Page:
How to protect your network

Security is a pyramid: it is very simple to stop the large number of bots and low skilled hackers at the bottom of the pyramid and increasingly complicated to stop the small number of skilled attackers at the top. The following 10 steps require more skill to implement as you go down the list but are increasingly resistant to skilled attackers. Ideally, you'd complete all 10 steps.

  1. Secure your perimeter: Ensure your firewalls are up to date, block unnecessary external access, and defend against attackers.

  2. Patch everything: Microsoft makes updating your Microsoft software easy, but all your applications on every PC also need to be regularly patched. There are many automatic patch management systems out there, such as PDQ Deploy or

  3. Restrict who has administrator privileges: Do you know exactly who is holding the keys to the network? Checking up on who is an administrator can be very revealing. If everyone ran as a standard user, intruders find it difficult to spread. This is known as the Principle of Least Privilege.

  4. Password policy: Last blog we had multiple free policies including a password policy. You need to do this. Moreover, it’s beneficial to go further, 2 factor authentication prevents many security issues.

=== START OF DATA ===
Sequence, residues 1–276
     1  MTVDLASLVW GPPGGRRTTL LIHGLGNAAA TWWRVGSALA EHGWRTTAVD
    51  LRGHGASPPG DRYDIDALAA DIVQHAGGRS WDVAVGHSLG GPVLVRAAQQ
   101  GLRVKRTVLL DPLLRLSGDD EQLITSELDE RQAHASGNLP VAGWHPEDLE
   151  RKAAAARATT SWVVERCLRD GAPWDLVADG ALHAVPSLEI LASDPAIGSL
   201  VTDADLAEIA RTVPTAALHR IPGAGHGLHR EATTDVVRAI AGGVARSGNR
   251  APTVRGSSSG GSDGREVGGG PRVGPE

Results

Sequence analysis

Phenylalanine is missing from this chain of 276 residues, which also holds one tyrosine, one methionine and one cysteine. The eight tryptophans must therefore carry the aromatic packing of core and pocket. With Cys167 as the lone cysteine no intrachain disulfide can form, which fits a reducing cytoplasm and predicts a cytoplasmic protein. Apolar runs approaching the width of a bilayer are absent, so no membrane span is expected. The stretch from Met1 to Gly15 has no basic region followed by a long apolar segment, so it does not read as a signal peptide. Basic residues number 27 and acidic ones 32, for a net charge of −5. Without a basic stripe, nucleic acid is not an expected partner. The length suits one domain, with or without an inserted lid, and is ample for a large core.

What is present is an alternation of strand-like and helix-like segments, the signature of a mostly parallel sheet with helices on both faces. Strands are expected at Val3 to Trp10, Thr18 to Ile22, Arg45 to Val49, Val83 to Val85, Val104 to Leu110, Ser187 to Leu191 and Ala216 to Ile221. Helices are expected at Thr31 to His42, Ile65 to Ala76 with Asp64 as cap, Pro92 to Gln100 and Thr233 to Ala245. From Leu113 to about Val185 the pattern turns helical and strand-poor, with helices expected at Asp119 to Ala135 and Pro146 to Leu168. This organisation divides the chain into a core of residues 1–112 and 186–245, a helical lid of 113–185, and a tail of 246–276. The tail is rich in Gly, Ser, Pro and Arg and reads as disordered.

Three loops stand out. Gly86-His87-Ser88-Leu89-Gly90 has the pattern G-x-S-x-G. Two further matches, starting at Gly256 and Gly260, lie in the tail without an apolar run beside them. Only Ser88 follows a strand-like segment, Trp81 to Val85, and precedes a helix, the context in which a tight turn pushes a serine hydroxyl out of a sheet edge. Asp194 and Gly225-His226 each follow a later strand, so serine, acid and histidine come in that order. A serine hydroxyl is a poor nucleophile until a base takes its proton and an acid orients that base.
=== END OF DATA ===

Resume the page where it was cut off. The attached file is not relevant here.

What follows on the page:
5. Harden everything: The default settings on many systems are not secure. Go through and eliminate those default passwords for applications. apc/apc for UPS batteries that operate your servers is a disaster waiting to happen.

  6. Segment and VLAN your network zones: Guest Wireless should not be the same network as your file servers, email, and business systems.

  7. Train your staff to recognize threats: resume.exe vs resume.pdf. Congratulations you have won $1,000,000! We need to increase awareness of what the threats look like, this is no different than airline crew showing you how to buckle a seat belt and how to put a mask over your face.

  8. Host-based Intrusion Prevention Systems: This is more than just antivirus. This system checks on everything looking for intruders.

  9. Implement a DMZ: Nothing externally facing should be on your internal network. These external services are holes in your firewall and are a way in. It’s only a matter of time before you are breached through one of these holes.

  10. Application Whitelisting: You decide what applications are allowed to run on your network. If you never decide to allow a virus, the virus can never run. This greatly reduces the possibility of bad things occurring.